WASHINGTON (AP) - Many people who buy their own health insurance could get surprises in the mail this fall: cancellation notices because their current policies aren't up to the basic standards of President Barack Obama's health care law.
They, and some small businesses, will have to find replacement plans - and that has some state insurance officials worried about consumer confusion.
Rollout of the highly controversial Affordable Care Act is going full speed ahead, despite repeal efforts by congressional Republicans. New insurance markets called exchanges are to open in every state this fall. Middle-class consumers who don't get coverage on the job will be able to pick private health plans, while low-income people will be steered to an expanded version of Medicaid in states that accept it.
“If you like your health care plan, you’ll be able to keep your health care plan, period,” President Barack Obama tells the American Medical Association in 2009. “No one will take it away, no matter what.”
The goal is to cover most of the nation's nearly 50 million uninsured, but even Obama says there will be bumps in the road. And discontinued insurance plans could be another bump.
Also, it doesn't seem to square with one of the president's best known promises about his health care overhaul: "If you like your health care plan, you'll be able to keep your health care plan."
But supporters of the overhaul are betting that consumers won't object once they realize the coverage they will get under the new law is superior to current bare-bones insurance. For example, insurers will no longer be able to turn people down because of medical problems.
Other bumps on the road to the new health care law include potentially unaffordable premiums for smokers unless states act to waive them, a new $63-per-head fee that will hit companies already providing coverage to employees and dependents, and a long-term care insurance program that had to be canceled because of the risk it could go belly up
The Obama administration did not respond directly to questions about the potential fallout from cancellation notices. Instead, Health and Human Services spokeswoman Joanne Peters released a prepared statement saying: "Beginning in October, individuals and small businesses will be able to shop for insurance in the marketplace, where we are already seeing that increased competition and transparency are leading to a range of options for quality, affordable plans."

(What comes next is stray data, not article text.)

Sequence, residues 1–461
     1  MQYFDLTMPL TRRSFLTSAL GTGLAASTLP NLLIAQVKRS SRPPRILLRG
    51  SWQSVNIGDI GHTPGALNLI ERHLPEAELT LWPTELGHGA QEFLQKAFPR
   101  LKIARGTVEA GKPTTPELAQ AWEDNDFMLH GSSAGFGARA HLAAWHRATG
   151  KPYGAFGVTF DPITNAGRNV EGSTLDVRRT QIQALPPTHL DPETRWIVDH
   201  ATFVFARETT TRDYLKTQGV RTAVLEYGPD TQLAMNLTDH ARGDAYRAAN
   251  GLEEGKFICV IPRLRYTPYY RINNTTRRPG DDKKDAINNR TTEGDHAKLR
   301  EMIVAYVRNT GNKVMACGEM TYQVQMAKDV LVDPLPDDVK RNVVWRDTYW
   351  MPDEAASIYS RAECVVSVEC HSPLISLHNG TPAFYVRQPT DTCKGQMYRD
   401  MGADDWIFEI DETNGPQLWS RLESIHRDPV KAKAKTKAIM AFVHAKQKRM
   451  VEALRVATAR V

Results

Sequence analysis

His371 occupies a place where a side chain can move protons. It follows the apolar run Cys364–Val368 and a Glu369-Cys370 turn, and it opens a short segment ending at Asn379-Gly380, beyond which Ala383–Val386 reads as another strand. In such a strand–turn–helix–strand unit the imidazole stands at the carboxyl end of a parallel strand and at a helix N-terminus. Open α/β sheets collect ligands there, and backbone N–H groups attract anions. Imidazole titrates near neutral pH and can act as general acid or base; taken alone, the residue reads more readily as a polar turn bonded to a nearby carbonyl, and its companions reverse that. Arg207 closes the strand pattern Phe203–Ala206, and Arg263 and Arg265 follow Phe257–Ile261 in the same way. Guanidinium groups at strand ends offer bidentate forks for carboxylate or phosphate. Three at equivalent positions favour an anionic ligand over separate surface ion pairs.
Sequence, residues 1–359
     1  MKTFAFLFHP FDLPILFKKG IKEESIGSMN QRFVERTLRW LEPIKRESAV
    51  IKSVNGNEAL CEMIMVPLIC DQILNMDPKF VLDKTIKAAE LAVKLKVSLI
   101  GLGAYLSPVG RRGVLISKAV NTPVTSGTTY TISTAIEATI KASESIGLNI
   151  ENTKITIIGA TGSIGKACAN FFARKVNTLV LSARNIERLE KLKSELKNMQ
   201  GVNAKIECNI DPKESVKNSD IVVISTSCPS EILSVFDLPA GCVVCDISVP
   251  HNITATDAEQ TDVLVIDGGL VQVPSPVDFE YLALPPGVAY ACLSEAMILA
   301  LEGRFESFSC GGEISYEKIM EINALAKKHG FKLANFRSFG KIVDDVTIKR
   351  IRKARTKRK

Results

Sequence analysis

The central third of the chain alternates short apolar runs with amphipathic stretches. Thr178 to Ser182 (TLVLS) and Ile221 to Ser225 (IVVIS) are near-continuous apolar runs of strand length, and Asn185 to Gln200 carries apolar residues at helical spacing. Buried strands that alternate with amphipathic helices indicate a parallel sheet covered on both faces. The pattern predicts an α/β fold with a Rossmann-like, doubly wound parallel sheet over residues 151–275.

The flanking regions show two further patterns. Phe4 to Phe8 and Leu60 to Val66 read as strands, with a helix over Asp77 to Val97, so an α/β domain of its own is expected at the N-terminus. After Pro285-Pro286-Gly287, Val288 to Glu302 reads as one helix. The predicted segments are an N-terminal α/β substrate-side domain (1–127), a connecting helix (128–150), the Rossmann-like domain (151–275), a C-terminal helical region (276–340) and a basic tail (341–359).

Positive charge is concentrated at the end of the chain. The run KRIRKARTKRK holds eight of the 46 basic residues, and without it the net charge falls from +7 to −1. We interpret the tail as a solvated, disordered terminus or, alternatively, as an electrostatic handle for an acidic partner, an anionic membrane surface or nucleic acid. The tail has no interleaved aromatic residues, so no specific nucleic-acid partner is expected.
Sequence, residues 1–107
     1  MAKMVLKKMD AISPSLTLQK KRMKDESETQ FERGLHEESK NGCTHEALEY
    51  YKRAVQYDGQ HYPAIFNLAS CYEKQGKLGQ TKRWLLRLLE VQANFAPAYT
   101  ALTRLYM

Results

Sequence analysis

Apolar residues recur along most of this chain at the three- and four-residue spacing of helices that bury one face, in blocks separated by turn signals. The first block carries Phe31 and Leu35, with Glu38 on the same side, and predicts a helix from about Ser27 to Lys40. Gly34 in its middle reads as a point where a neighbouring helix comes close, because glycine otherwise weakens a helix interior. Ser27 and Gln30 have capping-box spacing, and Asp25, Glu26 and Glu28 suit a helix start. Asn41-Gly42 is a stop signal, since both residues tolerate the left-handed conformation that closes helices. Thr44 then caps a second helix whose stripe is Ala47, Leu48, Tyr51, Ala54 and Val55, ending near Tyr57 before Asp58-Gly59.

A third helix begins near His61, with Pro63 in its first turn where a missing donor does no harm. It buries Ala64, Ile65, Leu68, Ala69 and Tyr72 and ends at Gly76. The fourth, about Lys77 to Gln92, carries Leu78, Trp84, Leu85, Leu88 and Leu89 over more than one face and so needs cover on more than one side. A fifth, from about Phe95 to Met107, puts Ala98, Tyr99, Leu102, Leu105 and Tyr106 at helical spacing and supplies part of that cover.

For the most part, state insurance commissioners are giving insurers the option of canceling existing plans or changing them to comply with new federal requirements. Large employer plans that cover most workers and their families are unlikely to be affected.
Seen as consumer safeguards by the administration, the new requirements limit costs paid by policyholders, and also expand benefits. That includes better preventive care, and also improved prescription coverage in many cases. The most important feature may be protection for your pocketbook if you get really sick: The new plans limit copayments and other out-of-pocket costs to $6,400 a year for individuals.
The National Association of Insurance Commissioners says it is hearing that many carriers will cancel policies and issue new ones because administratively that is easier than changing existing plans.
About 14 million Americans currently purchase their health policies individually, a number expected to more than double eventually because of the new law's subsidies and one-stop insurance markets. But the transition may not be seamless.
"The impending changes ... have the potential to cause policyholder confusion," said a recent memo from Iowa Insurance Commissioner Nick Gerhart to insurers. Though a Republican-led state, Iowa is helping to carry out major portions of the health care law.
Nationally a considerable number of people could be affected by cancellations. Information from insurers is still dribbling in to state regulators.
In Washington state, the changes will affect more than 400,000 people, said Stephanie Marquis, spokeswoman for insurance commissioner Mike Kreidler. Marquis said she expects the premiums for replacement plans to be similar to current ones, but with better coverage.
"Your costs involve more than your premiums," Marquis explained. "It's also what you would have to pay out of pocket if you had actually used your health plan."
Others see an encroaching nanny state.
"You're going to be forcibly upgraded," said Bob Laszewski, a health care industry consultant. "It's like showing up at the airline counter and being told, 'You have no choice, $300 please. You're getting a first-class ticket, why are you complaining?'"
Obama's promise dates back to June 2009, when Congress was starting to grapple with overhauling the health care system to cover uninsured Americans. Later that summer, public anxieties about changes would erupt at dozens of angry congressional town hall meetings with constituents.
"If you like your health care plan, you'll be able to keep your health care plan, period," the president reassured the American Medical Association. "No one will take it away, no matter what."
At the time, some saw the promise as too broad, given that health plans are constantly being changed by the employers that sponsor them or by insurers directly.
Nonetheless, Democrats in Congress devised a complicated scheme called "grandfathering" to try to deliver on Obama's pledge. It can shield plans from many of the law's requirements, provided the plans themselves change little.
State officials said it has proven impractical in most cases for insurers to "grandfather" plans sold to individuals.
Questions and answers for Virginia insurers provided by state regulators say most carriers are expected to file new policies "given the extensive amount of changes resulting from state and federal laws."